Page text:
Martin O’Malley released his health-care platform promising universal contraceptive coverage, Marco Rubio shifted his position on allowing exceptions to abortion bans, Hillary Clinton suggested that the Helms Amendment be reevaluated, and Republicans convened in Iowa to complain that their attacks on abortion aren’t gaining traction because of political correctness.
At Saturday’s Democratic debate, paid family leave was once again a hot topic for the presidential candidates, who roundly agree such policies are important despite disagreeing on how to implement them.
Candidates on the 2016 campaign trail spent the week focusing on reproductive health, with Jeb Bush’s super PAC considering an attack on Sen. Marco Rubio’s abortion stance.
Ben Carson proposed transgender people get their own bathrooms, Mike Huckabee advocated for “personhood” laws, and Hillary Clinton met with families who lost children to police violence.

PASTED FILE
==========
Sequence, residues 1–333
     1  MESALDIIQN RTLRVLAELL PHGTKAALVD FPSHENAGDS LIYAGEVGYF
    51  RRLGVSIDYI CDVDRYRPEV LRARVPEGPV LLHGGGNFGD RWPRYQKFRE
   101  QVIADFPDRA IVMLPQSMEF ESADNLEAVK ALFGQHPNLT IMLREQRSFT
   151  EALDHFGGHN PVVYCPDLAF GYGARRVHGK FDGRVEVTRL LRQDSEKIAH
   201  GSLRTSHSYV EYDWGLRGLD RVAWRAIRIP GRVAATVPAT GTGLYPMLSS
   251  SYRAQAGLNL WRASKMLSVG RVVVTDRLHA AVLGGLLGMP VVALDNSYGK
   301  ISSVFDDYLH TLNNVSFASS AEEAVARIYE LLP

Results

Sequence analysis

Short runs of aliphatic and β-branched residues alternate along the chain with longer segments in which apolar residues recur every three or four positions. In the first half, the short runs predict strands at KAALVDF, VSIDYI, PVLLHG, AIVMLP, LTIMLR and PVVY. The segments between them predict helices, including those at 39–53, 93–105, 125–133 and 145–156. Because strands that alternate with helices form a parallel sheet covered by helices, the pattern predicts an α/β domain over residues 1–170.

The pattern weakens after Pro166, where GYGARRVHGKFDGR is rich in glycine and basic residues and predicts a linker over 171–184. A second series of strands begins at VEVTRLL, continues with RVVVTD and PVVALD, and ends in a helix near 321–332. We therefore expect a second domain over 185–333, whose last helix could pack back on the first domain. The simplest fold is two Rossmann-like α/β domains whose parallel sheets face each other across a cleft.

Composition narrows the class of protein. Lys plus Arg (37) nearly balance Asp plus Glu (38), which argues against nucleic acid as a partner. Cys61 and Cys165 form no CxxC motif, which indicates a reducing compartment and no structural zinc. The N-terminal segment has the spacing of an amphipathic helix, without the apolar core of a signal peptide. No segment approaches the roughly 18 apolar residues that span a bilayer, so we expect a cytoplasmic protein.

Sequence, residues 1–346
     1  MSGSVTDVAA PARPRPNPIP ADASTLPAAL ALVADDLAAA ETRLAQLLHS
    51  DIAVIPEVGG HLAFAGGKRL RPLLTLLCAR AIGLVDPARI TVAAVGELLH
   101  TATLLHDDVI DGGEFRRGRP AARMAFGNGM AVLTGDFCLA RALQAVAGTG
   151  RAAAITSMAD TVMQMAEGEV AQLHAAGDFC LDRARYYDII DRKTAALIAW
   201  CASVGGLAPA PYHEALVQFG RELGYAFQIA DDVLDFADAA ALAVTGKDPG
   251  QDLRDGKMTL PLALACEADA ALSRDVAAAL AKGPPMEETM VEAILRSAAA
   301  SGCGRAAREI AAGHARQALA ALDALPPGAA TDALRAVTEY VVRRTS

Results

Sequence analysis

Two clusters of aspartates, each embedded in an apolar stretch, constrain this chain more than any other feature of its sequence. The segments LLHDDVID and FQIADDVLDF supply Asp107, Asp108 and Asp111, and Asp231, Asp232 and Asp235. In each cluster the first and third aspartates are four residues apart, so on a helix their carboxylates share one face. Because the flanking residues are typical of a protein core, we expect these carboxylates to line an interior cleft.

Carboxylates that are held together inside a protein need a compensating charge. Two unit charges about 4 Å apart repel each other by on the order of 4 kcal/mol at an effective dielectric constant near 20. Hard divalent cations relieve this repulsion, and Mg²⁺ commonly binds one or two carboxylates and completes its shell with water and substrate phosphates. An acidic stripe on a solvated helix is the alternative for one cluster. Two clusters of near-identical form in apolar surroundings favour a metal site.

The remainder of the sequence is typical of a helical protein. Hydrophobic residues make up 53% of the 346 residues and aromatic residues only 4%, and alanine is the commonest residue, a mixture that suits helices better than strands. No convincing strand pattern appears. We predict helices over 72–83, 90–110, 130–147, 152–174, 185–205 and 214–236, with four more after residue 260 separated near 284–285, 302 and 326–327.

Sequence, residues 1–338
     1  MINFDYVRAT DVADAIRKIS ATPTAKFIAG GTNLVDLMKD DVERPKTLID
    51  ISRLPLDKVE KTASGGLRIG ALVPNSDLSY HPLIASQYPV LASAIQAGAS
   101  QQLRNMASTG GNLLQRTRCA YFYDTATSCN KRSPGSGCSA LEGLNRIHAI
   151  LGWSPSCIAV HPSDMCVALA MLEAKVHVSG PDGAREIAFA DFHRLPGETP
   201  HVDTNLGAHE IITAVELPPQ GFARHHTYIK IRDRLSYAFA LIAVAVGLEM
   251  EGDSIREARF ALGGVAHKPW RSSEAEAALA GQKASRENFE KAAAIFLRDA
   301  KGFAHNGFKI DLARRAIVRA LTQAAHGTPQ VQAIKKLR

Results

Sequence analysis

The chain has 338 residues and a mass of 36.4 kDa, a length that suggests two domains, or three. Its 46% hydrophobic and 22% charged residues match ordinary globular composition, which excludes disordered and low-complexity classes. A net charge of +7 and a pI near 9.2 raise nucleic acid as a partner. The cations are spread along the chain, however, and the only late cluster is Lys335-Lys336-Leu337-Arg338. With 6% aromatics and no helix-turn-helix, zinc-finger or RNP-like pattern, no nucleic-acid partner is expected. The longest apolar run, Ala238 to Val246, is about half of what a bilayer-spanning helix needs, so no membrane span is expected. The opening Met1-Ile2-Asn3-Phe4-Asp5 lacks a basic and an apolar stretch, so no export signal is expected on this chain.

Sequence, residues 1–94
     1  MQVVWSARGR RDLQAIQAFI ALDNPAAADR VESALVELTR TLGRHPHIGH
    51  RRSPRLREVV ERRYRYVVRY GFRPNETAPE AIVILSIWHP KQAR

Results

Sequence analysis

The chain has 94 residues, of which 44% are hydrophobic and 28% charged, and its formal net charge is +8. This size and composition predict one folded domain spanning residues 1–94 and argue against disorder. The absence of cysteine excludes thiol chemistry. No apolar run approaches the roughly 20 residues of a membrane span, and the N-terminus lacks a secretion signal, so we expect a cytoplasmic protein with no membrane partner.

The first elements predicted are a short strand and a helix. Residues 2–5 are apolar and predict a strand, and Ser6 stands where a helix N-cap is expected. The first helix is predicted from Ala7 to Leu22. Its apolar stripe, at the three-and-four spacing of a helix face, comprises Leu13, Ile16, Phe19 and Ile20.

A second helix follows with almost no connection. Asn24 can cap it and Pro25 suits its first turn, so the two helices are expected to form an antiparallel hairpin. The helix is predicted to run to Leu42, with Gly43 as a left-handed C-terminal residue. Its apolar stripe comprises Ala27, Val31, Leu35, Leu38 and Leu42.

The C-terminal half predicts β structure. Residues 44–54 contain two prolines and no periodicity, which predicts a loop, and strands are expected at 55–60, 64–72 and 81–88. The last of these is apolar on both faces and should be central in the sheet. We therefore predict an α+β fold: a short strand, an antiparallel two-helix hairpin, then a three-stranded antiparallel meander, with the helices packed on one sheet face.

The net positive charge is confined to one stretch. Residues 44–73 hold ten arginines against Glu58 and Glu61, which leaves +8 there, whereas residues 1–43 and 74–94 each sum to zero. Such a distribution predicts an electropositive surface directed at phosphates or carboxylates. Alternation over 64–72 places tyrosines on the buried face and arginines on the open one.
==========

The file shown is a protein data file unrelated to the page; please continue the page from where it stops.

“The law has not caused major problems for California employers,” says a U.S. Department of Labor report. “The vast majority (roughly 90 percent) report positive effects or no effects in terms of productivity, profitably, retention, and morale.”
Each of the five Democratic presidential candidates has supported the Affordable Care Act, but one candidate, Sen. Bernie Sanders (I-VT), said during Tuesday’s debate he would go a step beyond Obamacare if he won the presidency.
The Democratic candidates, unlike their GOP counterparts, were not asked about attacks on reproductive rights and abortion access.
Ben Carson said that the private sector needs to come to the rescue of the undereducated women who have unplanned pregnancies, and John Kasich treated young women’s interest in politics like a joke.
The U.S. House voted Wednesday to create a select committee to investigate abortion practices and fetal tissue donation, a move that Democrats say is a politically motivated attack on Planned Parenthood.
Reports that a drug that treats toxoplasmosis went from $13.50 to $750 per pill caused outrage among medical experts, politicians, and the public.